Warping is primarily caused by excessive heat, which softens the metal and allows it to be reshaped. The main causes of overheating are: undersized or over machined brake discs, excessive braking (racing, descending hills/mountains), “riding” the brakes, or a “stuck” brake pad (pad touches disc at all times).
Another potential cause of warping is when the disc is overheated and the vehicle is stopped. When keeping the brakes applied, the area where the pads contact the disc will cause uneven cooling and lead to warping.
Several methods can be used to avoid overheating brake discs. Use of a lower gear when descending steep grades to obtain engine braking will reduce the brake loading.
Also, operating the brakes intermittently ‐ braking to slower speed for a brief time then coasting will allow the brake material to cool between applications. Riding the brakes lightly will generate a great amount of heat with little braking effect and should be avoided.
High temperature conditions as found in motor racing can be dealt with by proper pad selection, but at the tradeoff of everyday drivability. Pads that can take high heat usually do best when hot and will have reduced braking force when cold. Also, high heat pads typically have more aggressive compounds and will wear discs down more quickly.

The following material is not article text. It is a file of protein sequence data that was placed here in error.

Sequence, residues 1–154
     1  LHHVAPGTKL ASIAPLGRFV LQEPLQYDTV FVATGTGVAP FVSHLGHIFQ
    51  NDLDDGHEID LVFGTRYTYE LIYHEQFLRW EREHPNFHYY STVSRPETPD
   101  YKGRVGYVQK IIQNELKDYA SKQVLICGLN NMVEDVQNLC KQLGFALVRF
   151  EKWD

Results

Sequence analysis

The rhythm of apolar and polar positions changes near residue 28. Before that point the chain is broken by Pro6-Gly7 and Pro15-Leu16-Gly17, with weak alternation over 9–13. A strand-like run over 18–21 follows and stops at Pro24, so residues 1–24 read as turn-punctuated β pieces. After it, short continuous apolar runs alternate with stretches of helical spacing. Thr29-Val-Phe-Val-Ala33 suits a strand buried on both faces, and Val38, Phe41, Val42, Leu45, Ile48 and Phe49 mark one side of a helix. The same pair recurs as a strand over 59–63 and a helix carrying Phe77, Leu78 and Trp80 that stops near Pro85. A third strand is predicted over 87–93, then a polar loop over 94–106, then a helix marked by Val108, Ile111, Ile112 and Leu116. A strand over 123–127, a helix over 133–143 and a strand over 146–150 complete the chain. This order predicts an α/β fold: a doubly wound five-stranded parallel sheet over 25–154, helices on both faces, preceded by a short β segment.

Warping can also be caused by improperly torquing the lug/wheel nuts when putting on a wheel.
Warping will often lead to a thickness variation of the disc (DTV). If it has runout, a thin spot will develop by the repetitive contact of the pad against the high spot as the disc turns. When the thin section of the disc passes under the pads, the pads move together and the brake pedal will drop slightly. When the thicker section of the disc passes between the pads, the pads will move apart and the brake pedal will rise slightly. This change causes pedal pulsation.
The thickness variation can be felt by the driver when it is approximately 0.015mm / 0.0006 inch or greater.
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